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Steven Soderbergh doesn’t understand superhero movies because there’s no f*cking

Steven Soderbergh aired his grievances with superhero movies saying there's not enough f*cking in these films for his tastes.

Steven Soderbergh doesn't understand superhero movies because there's no f*cking

Steven Soderbergh, the director behind thriller movie Oceans 11 and disaster movie Contagion, aired his grievances with the most maligned but profitable genre in Hollywood, superhero films. In an interview with The Daily Beast, Soderbergh was asked if he’d like to return to franchise work.

“Not really,” he answered. “I’m not a snob; it’s not that I feel it’s some lower tier in any way. It really becomes about what universe you occupy as a storyteller. I’m just too earthbound to really release myself to a universe in which Newtonian physics don’t exist [laughs].”

The Magic Mike director then said he struggles to relate to the sexless world of the genre. “For a lot of these, for me to understand the world and how to write or supervise the writing of the story and the characters—apart from the fact that I can bend time and defy gravity and shoot beams out of my fingers—there’s no fucking,” he laughed. “Nobody’s fucking! Like, I don’t know how to tell people how to behave in a world in which that is not a thing.”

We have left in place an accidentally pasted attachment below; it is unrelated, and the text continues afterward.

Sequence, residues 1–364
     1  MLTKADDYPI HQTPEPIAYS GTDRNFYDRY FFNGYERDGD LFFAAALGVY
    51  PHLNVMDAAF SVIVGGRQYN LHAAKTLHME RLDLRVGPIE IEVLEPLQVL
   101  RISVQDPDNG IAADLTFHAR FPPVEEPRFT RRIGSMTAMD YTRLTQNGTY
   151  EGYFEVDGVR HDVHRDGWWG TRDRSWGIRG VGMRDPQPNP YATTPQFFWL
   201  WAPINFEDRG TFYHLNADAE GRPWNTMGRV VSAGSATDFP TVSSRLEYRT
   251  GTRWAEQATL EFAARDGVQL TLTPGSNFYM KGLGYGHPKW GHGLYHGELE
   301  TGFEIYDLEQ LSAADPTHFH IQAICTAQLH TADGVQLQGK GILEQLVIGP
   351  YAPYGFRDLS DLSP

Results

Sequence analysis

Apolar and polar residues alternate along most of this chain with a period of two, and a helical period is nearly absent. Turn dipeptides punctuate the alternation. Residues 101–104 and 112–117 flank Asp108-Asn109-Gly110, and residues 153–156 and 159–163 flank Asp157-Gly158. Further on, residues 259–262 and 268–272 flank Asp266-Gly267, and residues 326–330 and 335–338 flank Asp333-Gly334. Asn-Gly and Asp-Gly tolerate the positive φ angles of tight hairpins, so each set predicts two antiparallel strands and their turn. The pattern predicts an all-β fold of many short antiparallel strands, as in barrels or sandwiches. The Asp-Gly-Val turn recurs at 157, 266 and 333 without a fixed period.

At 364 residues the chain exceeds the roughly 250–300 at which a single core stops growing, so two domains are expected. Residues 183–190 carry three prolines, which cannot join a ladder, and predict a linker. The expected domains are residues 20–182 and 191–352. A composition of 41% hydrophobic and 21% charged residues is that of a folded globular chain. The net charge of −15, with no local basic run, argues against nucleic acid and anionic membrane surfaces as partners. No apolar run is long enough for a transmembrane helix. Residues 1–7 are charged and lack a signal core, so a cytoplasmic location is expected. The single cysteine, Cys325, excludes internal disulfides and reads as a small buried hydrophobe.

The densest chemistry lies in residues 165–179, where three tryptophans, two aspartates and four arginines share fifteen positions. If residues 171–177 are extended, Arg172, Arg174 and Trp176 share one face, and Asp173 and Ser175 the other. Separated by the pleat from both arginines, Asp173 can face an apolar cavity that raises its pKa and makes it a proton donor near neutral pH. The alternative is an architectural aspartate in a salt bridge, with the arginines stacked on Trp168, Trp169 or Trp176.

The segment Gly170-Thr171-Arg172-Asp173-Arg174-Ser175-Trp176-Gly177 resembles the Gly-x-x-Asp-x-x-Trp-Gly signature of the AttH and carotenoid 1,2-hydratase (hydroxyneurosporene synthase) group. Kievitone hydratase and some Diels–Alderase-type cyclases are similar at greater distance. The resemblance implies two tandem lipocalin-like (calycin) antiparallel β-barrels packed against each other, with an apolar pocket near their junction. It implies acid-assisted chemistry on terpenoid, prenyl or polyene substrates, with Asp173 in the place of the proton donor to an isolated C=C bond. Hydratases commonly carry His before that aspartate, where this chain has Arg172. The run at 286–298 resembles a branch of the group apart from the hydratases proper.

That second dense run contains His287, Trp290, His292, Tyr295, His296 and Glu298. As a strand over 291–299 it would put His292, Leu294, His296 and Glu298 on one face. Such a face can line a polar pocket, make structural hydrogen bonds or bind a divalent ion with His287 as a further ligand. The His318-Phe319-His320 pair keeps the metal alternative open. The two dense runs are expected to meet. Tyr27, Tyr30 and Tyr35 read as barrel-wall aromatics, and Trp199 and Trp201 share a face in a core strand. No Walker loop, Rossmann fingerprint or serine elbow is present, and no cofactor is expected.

Soderbergh’s not wrong about the superhero genre being pretty sexless. Most of these action movies are more focused on the exhibition of spectacle than pure exhibitionism, but things are changing.

Eternals recently made history as the first Marvel Cinematic Universe movie to feature a sex scene. We say sex scene, it was about as erotic as two action figures being mashed together, but it was something.

Steven Soderbergh doesn't understand superhero movies because there's no f*cking

Sexlessness isn’t just an issue in superhero movies, though. It’s something that’s infected a lot of modern blockbusters, most of which are pretty chaste these days. A piece by The Guardian broke down the reason for the death of the sex scene, and it’s got less to do with a new wave of prudishness in Hollywood and more to do with the bottom line.

Basically, if you put a sex scene in your movie, you’re more likely to get an R-rating which limits your potential audience and, therefore, your box office. Studios just aren’t willing to take the financial hit to titillate audiences anymore.